May 14, 2020
Mayor Eisenberger and Members of Council,
COVID-19 has presented innumerable challenges to Hamiltonians, who have stood together to flatten the curve and maintain healthy and safe communities. The most effective tool at our disposal is continued physical distancing practices to prevent the spread of the virus. However, physical distancing poses a unique challenge for vulnerable road users as sidewalks and bike lanes do not allow for the necessary 6 feet of distance between individuals as recommended by the City of Hamilton. In order to provide safe transportation options while meeting the guidelines set by the Emergency Operations Centre, we must create additional spaces for people to walk and bike safely.
We have seen cities from across the globe recognize and address this barrier, which disproportionately impacts our poor and most vulnerable. There are 189 cities and counting documented worldwide by the Pedestrian and Bicycle Information Center. This is also being practiced in locations across Canada including Vancouver, Calgary, Edmonton, Montreal, Winnipeg – and within Ontario in Toronto, Kitchener, Brampton, London, and others. Leading cities are taking meaningful actions by fast-tracking the construction of permanent cycling infrastructure, rebalancing streets by creating additional space for walking and cycling, and closing streets to motor vehicles.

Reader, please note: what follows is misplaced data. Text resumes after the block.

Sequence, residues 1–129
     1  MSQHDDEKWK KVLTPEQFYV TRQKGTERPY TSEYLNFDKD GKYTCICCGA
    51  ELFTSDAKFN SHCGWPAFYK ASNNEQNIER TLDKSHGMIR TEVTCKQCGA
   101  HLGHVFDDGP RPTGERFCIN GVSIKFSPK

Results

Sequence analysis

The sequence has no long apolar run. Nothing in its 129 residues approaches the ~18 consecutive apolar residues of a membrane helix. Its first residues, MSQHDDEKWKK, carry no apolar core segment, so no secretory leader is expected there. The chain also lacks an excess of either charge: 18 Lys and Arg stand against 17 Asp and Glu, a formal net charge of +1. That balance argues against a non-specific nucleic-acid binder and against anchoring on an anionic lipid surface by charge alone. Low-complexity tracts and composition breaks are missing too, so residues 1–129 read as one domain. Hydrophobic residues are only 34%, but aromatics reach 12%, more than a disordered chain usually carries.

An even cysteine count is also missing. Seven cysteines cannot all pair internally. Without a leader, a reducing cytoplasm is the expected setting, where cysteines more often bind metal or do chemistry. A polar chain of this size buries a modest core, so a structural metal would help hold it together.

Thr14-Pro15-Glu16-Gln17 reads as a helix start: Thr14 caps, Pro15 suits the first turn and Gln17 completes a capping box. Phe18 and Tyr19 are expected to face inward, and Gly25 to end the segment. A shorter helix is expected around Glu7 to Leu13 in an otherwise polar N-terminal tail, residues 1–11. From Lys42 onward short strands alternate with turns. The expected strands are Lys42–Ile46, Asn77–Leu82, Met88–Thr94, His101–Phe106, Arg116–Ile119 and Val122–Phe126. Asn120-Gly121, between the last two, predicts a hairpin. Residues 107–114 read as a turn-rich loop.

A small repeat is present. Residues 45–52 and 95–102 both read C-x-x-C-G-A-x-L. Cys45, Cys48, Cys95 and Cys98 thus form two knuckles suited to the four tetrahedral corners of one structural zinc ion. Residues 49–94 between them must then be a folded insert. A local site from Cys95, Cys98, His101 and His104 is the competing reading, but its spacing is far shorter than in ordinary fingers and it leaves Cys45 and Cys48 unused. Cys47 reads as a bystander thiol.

With warmer weather around the corner and the re-opening of businesses and facilities beginning this week, we will see a greater demand for these limited spaces. As Burlington Councillor Shawna Stolte recently highlighted in their road closure motion, results from an Angus Reid Poll showed that 53% of respondents reported “going for more walks” and 26% reported “taking up extra exercise” in recent weeks. Walking or cycling is a primary mode of transportation for many, it is a practice in mental and physical well-being, and it is recommended by experts and the City of Hamilton.
On May 1, Mayor Fred Eisenberger responded to a local resident offering to hear potential areas of risk to be reviewed. This received an outpour of creative ideas, specific examples, and personal experiences from community members. The Hamilton community is here to engage and support. Public calls have been made by many residents, business owners, and local musicians. Please hear these recommendations and act by providing the safe space that Hamiltonians need and deserve.
Chelsea Cox and Jay Krause
Co-Chairs, Board of Directors